Washington: The top US military officer warned that the Afghan government's credibility problems with its own people posed as serious a threat to US goals in the war-torn country as Taliban fighters.
"I consider the threat from lack of governance to be equal to the threat from the Taliban," Admiral Michael Mullen, chairman of the US joint chiefs of staff, told the Senate Armed Services Committee.
"The lack of legitimacy in the government at every level" has been a key factor in the return of the Taliban after US-led forces drove them from power after the September 11, 2001, terrorist attacks, he said.
Mullen also told the sharply divided US Congress that Washington and its NATO allies will likely need to send thousands more troops and trainers of Afghan security forces to defeat the resurgent Islamist militia.
"We can get there. We can accomplish the mission we've been assigned. But we will need resources matched to the strategy," he said, stressing: "A properly resourced counterinsurgency probably means more forces."
Mullen said the top US and NATO military commander in Afghanistan, General Stanley McChrystal, is likely to submit a formal request for more forces in the next few weeks but that he did not know how many.
Key US lawmakers will receive a briefing on McChrystal's strategic review on Wednesday, according to congressional sources who said the meeting would also cover efforts to craft new benchmarks to measure progress in the conflict.
Democratic House Speaker Nancy Pelosi said last week that she expected those benchmarks to be finished by September 24.
Mullen told lawmakers he backed calls for increasing training of Afghan security forces, but emphasized that this would not be enough to win the conflict and that such an effort required as many as 2,000-4,000 more trainers on top of the roughly 6,000-6,500 now on the ground.
Asked how many should come from Washington's NATO allies, Mullen replied: "As many as possible."
The admiral's testimony to the panel Tuesday came after a new public opinion poll provided fresh evidence that the US public is increasingly turning away from the unpopular eight-year-old conflict.
Support for the war slipped from 42 percent in late August to 39 percent, while opposition edged upwards from 57 percent to 58 percent, according to the survey by CNN television and Opinion Research Corporation.
The survey, which had an error margin of plus or minus three percentage points, came as Obama took heavy fire from Democratic allies over his likely push for pouring additional US forces into Afghanistan's front lines and from Republicans over what they charge is the sluggish pace of new deployments.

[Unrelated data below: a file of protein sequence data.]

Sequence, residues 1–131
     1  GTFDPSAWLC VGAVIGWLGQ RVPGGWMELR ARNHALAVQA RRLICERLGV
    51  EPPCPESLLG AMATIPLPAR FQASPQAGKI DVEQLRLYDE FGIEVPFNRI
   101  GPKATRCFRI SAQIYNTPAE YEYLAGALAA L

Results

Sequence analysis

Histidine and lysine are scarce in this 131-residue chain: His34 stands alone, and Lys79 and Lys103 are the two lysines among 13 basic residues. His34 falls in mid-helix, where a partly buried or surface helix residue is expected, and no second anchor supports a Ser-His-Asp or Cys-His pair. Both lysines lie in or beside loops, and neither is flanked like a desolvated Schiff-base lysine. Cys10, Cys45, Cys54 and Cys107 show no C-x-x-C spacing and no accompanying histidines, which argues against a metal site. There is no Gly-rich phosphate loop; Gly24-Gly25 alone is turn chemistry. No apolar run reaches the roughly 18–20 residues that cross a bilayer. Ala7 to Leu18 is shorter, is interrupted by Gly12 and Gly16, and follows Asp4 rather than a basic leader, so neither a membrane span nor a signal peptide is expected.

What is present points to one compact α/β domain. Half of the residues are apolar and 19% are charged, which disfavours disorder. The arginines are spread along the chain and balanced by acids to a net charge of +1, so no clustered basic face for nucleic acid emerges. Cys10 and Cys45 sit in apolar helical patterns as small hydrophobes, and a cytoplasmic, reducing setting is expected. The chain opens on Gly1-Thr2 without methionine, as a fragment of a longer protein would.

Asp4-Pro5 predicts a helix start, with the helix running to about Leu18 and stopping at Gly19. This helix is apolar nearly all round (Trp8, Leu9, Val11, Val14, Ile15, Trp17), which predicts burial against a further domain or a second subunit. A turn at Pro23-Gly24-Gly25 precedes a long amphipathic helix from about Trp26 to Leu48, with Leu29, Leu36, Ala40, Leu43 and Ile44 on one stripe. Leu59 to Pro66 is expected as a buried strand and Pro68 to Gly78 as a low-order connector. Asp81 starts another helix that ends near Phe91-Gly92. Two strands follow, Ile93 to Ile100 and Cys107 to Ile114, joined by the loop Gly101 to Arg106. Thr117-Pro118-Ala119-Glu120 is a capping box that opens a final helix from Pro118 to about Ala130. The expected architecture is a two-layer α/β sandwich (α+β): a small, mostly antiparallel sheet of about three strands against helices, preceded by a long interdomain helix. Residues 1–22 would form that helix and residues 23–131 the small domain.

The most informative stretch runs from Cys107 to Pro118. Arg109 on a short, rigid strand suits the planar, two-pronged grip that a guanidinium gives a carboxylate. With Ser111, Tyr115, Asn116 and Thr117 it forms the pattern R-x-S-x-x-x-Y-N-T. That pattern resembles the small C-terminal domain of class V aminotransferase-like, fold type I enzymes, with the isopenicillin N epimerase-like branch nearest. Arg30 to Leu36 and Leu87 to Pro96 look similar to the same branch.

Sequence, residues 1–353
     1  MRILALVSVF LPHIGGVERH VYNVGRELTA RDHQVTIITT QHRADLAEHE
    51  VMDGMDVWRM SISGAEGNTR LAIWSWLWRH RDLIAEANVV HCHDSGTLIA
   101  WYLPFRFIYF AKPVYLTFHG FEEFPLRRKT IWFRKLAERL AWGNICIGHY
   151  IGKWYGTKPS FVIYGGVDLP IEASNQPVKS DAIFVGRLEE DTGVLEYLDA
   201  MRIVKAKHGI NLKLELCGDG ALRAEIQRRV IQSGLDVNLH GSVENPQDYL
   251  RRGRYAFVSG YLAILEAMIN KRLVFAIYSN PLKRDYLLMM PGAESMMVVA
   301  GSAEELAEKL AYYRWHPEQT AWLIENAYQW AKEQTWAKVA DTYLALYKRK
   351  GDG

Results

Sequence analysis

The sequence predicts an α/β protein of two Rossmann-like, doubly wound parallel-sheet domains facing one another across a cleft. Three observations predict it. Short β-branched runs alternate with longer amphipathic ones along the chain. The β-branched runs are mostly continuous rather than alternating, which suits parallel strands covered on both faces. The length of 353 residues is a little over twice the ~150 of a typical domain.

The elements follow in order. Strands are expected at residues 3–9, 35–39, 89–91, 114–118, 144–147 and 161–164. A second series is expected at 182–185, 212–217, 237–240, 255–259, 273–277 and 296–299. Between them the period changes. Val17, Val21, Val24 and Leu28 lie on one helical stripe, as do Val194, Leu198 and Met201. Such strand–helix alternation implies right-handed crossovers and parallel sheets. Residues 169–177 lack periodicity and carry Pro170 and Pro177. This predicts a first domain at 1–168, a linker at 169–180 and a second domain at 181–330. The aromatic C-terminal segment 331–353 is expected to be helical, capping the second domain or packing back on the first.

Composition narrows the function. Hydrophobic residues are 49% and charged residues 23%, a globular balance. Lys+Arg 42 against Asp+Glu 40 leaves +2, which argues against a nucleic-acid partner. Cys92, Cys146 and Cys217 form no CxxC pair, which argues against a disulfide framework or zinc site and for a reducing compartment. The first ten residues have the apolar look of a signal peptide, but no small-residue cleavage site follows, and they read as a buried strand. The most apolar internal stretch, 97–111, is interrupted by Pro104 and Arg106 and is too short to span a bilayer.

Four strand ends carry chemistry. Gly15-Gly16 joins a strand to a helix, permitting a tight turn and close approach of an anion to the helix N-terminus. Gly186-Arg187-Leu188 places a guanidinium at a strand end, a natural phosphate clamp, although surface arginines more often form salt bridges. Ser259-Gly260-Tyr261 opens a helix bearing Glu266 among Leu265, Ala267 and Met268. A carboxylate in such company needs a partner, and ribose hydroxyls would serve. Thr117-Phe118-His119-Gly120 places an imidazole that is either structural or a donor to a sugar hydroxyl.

Senator John McCain, the committee's top Republican, said he was frustrated by a White House announcement Friday that any new troop request will not come for "weeks and weeks," while military officials say the clock is ticking.
McCain also said he disagreed with calls for the panel's chairman, Democratic Senator Carl Levin, to accelerate the pace and scope of training of Afghan forces before sending more US troops.
Mullen said training was critical to US success but ultimately insufficient to achieving Obama's goals, announced in a strategic overhaul in March, of quashing the Taliban.
Levin, recently returned from Afghanistan, renewed his call for redoubling efforts to train, equip and deploy Afghan soldiers before any further expansion of the US troop presence, which is set to reach 68,000 by year's end.
"We need a surge in the numbers and strength of the Afghan security forces," he said. "In the meantime, we should also press our NATO allies much harder to provide more trainers."
Republican Senate Minority Leader Mitch McConnell said Obama could likely count on support from his Republican critics on Afghanistan if he heeds the advice of the military.
"I think it's reasonable to assume that, if the president follows the recommendations of our military leaders, he's likely to enjoy broad Republican support," McConnell told reporters.
Mullen expressed concerns that charges of vote-rigging in Afghanistan's recent presidential ballot are "not helping" bolster the Kabul government's standing with the country's population.
"We could send a million troops, and that will not restore legitimacy to their government. Would you agree with that?" asked Republican Senator Lindsey Graham of South Carolina.
"That is a fact," said Mullen, who later warned that corruption "is every bit the threat that the Taliban is."
First Published: Wednesday, September 16, 2009, 10:48